I awoke this morning to the sound of a gentle rain pitter-patting over the eaves of our roof. I thought of the rows of seedlings we'd put into the earth last evening. A comforting blanket of satisfaction rippled with an electric burst of cool excitement over my body.

And then I realized: I am a complete doofus.

It's May. What was I thinking, putting my seedlings into the ground so early?

I grew up in Leamington, where as of this day in May, they've already had several days of 30-degree weather. Tomatoes go in the ground in early May, in a good year. When we first arrived in the Maritimes nine years ago (good golly, has it been nine years?), I laughed at the gardening tradition of not planting until after the first full moon of June.

But then again, yesterday was the warmest day we've had in more than a week, and we barely hit 18 degrees.

I'll tell you what I was thinking. I spoke yesterday with my dad. He talked about his pepper and tomato plants already in the ground. I told him we were waiting until the first full moon in June.

"That's almost a month away," he said.

I looked at the shelves of seedlings growing in my south window. So perky. So ready to jump into the ground.

"But we had three frost warnings last week," I said.

"Did you actually get frost?" he asked.

"No. We're on high ground."

"I say plant 'em."

This from a man who was sitting on his patio in the 32-degree heat.

I sound like I'm blaming Dad. I'm not. At least, I won't until my plants die of frost the second week of June.

Nah, I made up my own mind. I wanted to see my tomatoes in the ground. We may have a couple of frosts left, but I have the tarp all ready to cover them when it comes. And, I held back several seedlings to replace any that may die.

We'll be fine.

The kids frolicked barefoot in the grass yesterday while we planted, completely oblivious to what we were doing. This morning, we put on our boots to go splash in the new puddles. Jane was the last out, and she detoured by the garden on her way to the splash party.

"Dad! Dad!" she screamed as she ran towards me. "The garden! It's full of plants! The garden is growing!"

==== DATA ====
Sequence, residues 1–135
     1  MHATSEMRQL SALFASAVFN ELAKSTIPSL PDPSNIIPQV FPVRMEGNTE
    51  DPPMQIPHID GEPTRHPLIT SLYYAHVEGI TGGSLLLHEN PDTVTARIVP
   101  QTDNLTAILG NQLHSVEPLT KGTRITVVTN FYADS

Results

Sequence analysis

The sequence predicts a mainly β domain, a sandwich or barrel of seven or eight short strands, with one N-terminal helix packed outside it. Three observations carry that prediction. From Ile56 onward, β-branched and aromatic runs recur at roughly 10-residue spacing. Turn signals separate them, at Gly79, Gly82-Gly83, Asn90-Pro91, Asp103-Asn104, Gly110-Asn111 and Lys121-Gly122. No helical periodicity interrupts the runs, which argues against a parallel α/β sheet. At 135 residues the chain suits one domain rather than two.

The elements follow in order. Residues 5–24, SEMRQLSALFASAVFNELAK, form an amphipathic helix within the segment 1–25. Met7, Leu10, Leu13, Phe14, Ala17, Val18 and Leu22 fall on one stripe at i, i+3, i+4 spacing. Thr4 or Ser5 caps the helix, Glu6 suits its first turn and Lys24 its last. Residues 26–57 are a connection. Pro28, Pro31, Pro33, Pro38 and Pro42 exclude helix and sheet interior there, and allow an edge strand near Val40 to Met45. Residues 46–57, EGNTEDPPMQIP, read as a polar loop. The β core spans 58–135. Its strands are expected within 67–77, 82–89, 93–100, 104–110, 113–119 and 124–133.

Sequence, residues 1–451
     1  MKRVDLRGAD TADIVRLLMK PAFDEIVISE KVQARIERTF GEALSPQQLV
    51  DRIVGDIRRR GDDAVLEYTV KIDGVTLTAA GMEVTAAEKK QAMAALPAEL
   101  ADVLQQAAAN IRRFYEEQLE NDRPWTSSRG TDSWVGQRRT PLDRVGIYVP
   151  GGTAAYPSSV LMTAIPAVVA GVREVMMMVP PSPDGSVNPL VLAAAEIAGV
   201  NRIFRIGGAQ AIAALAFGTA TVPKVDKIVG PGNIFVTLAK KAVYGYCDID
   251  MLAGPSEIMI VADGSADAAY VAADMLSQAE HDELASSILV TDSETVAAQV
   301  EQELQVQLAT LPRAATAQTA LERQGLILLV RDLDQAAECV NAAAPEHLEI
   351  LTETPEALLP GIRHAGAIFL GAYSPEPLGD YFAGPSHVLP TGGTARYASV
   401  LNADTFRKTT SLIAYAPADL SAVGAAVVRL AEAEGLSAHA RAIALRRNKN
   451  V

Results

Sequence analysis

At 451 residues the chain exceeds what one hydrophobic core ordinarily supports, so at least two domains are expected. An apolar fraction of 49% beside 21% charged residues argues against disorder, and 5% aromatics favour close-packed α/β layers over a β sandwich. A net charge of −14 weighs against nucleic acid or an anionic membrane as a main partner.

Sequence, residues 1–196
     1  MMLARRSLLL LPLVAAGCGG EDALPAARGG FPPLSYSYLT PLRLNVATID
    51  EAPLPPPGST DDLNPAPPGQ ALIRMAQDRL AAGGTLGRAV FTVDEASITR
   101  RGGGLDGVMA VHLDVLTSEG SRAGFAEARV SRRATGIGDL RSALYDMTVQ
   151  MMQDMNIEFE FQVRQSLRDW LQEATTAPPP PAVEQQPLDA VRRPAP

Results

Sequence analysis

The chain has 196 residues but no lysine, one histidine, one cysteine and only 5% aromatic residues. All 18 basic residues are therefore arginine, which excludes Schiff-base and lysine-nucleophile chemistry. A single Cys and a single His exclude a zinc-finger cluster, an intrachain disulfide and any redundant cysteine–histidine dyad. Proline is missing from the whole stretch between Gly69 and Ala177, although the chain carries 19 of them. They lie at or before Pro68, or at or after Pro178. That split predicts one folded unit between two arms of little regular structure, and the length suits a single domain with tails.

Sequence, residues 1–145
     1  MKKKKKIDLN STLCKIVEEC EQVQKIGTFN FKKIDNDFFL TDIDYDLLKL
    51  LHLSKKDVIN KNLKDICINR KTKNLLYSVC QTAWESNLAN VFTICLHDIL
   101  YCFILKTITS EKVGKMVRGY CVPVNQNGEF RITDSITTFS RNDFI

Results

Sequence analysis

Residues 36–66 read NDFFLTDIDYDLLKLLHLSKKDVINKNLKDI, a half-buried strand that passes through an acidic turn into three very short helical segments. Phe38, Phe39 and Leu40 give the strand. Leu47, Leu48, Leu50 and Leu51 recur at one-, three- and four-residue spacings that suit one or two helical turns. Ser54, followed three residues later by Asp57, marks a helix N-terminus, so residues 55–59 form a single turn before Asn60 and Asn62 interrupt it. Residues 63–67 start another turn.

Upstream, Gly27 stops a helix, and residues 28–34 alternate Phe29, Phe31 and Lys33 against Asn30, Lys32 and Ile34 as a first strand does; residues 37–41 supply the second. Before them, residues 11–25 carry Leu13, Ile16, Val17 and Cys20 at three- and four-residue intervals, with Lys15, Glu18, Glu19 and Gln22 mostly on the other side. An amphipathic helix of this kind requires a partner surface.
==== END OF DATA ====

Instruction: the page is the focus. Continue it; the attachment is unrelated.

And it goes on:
I had to break the news that it wasn't a spontaneous miracle, but that Erin and I had planted all the little plants that were in our window the last two months. It didn't spoil the excitement for her.

Spring: a miracle every time.


Bon said...

we planted yesterday too.

our seedlings were looking a bit smashed down by rain this morning, but they're still there.

here's to gambling. :)

stablepersonality said...

I put my tomato seedlings into slightly larger pots, but can't quite bring myself to plant them outside more week? I have planted a bunch of other stuff, there are not too many sprouts, it's been too dry. Rain today though so hopefully something. Good luck Mr. Tomato Transplant.

Unknown said...

The payoff if this works will be early tomatoes. OOOoooooooh. I want them.

We planted way too many plants. Half grape, half beef-steak. I imagine the kids will devour all the bitty ones straight off the plants. That's the plan anyway.

I was chatting with some folks the other day about gardening. We came to the consensus that the real point of backyard gardening is tomatoes. Everything else is garnish.

auntie said...

Oohh, garden candy. We're going to have to rely on the farmer's market this year as we're working on a house move when we would normally be out there encouraging the tomato plants.

If we do get the house we're looking at, it has a great sunny tomato spot that we've missed in this house. One more big plus!

You should be OK as you've held some plants back, just in case. If you hadn't, then I'd be worried.

Good garden to you!

Misty said...

We planted ours last weekend. The tomatoes were about 6 inches tall. We have plastic surrounding them mostly to act as a wind break. Same with the broccoli (they are so fragile when young). We weren't this early last year, but NS is a full 3 weeks ahead due to the mild winter and spring. Our garlic is 4 - 5 inches and onions are up, but they were planted 3 weeks ago.
Good luck. The biggest industry for gambling is farming.

auntie said...

I wonder if there's any research linking the gambling gene and the farming gene. There must be some university somewhere with some unassigned grant money lying around...